Opera singers Jacqui Dark and Kanen Breen return to Adelaide following performances at this year’s Adelaide Festival in a concert version of Rufus Wainwright’s opera Prima Donna (Dark) and in Barrie Kosky’s Glyndebourne production of Handel’s Saul (Breen) to wallow in a schlock horror production wherein the lunatics have taken over the asylum.
Jacqui Dark and Kanen Breen. Photograph © Jeff Busby
In their new cabaret show Strange Bedfellows – Bedlam, it would appear that the inmates have locked away the staff and helped themselves to copious amounts of self-medication, aided and abetted by the ‘lithium-based’ musical therapy offered by musical director, Daryl ‘Daggers’ Wallis on keys.
Bedlam is equal parts opera, Weimar period cabaret and pop shlock arrangements where Hanns Eisler sits easily alongside Twisted (Annie Ross, Joni Mitchell), Sting and even the Ramones in an eclectic programme of songs, creating a show where the performers appear to be having as much fun as the audience – and herein lies the key to the show’s success. Add this to the fact that these guys can and do sing anything. The setting of the Ramones medley to the final lieder from Schumann’s Dichterliebe is a perfect case in point, not to mention the self-composed shockers like Dark’s down-home homage to female stimulation. So do be prepared for some rough and salacious language but also a down and dirty good time.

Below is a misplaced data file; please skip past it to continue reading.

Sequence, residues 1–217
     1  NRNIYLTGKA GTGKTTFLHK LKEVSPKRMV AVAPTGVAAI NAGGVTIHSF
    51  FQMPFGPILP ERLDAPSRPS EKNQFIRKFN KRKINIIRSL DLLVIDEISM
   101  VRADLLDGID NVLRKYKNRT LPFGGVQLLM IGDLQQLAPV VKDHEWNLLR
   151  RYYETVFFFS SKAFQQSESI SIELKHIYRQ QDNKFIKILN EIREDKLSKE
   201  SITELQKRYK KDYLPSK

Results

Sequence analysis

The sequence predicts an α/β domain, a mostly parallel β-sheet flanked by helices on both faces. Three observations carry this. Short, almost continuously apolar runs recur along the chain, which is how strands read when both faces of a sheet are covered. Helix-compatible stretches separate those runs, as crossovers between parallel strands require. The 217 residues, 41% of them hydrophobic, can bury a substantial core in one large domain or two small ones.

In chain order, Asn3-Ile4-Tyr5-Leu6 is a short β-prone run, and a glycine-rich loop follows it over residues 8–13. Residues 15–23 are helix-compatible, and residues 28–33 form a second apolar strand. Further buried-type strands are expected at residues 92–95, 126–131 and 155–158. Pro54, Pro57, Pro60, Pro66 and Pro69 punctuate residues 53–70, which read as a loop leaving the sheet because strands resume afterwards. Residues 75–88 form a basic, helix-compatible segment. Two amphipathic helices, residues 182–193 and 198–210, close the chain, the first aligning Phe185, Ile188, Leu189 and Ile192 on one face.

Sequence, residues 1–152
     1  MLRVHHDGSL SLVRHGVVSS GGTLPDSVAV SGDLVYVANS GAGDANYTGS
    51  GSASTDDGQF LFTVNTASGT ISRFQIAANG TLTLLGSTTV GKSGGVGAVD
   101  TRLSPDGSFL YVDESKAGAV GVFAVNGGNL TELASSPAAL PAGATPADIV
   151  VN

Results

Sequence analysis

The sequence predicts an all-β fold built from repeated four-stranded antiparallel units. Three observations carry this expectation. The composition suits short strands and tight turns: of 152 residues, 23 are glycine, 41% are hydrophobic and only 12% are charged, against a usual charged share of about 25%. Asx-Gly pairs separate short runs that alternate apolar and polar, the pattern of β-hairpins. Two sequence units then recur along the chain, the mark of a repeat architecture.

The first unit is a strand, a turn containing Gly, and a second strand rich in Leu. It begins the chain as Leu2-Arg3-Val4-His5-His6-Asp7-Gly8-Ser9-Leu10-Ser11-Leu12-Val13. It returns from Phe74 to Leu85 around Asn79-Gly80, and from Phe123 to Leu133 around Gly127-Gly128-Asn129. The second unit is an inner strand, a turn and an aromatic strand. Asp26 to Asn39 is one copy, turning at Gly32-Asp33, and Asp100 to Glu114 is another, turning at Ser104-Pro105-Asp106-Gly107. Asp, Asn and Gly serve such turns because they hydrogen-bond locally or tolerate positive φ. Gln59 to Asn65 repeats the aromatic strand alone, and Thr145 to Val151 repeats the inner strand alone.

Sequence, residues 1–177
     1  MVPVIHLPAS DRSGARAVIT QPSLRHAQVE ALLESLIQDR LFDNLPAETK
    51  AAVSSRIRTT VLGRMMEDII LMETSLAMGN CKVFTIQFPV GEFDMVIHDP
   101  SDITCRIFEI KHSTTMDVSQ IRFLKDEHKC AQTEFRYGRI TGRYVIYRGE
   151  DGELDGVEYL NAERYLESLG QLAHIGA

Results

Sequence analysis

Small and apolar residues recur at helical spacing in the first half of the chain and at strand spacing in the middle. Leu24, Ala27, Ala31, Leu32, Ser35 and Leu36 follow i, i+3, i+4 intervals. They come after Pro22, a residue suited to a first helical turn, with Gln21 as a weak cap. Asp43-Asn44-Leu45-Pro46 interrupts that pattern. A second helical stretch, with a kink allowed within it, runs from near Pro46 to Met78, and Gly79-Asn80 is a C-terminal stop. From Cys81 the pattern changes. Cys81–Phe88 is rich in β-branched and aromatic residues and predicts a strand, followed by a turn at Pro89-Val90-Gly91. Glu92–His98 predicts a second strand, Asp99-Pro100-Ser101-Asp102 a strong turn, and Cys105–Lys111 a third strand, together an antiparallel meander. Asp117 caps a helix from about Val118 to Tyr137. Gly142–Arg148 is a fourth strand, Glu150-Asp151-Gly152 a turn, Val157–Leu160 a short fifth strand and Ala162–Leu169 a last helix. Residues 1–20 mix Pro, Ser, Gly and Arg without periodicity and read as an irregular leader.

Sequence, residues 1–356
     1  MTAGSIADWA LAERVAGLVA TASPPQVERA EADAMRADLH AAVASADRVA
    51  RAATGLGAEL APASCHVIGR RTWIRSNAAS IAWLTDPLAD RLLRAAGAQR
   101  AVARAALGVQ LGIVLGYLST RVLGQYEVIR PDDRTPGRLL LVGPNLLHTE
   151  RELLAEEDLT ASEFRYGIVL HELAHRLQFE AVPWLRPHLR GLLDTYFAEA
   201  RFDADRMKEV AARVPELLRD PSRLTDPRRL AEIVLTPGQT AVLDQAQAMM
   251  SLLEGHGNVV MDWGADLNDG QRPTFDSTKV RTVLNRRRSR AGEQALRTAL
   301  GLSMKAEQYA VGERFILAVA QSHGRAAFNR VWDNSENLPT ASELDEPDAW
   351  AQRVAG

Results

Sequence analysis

What makes this show such an unqualified pleasure comes down to the fact that here are two classical singers who are still at the peak of their career vocally. Yes, many, many classically trained singers have turned their hands to Gilbert and Sullivan, Brecht and Eisler, but often long after their voices have gone into decline. Dark, however, is able to indulge in such capers and still take on Wagner’s Ring cycle and other equally demanding productions, while Breen can excel in this forum, as well as in an eclectic range of operatic roles from the Baroque to the likes of Britten.
Here is a show which brings in everything that we expect in effective cabaret. From the Weimar period, we get the political edge and “the dancing on the lip of a volcano” as it were, and the questioning on so many levels – be it sexual, musical and/or social – not to mention the high camp component which Dark was able to bring to Wainwright. Even without the corsets and concertinas, everything needed is there or implied within the voices. Pathos, gravitas and humour abound and are just where they should be, as demanded by the composers.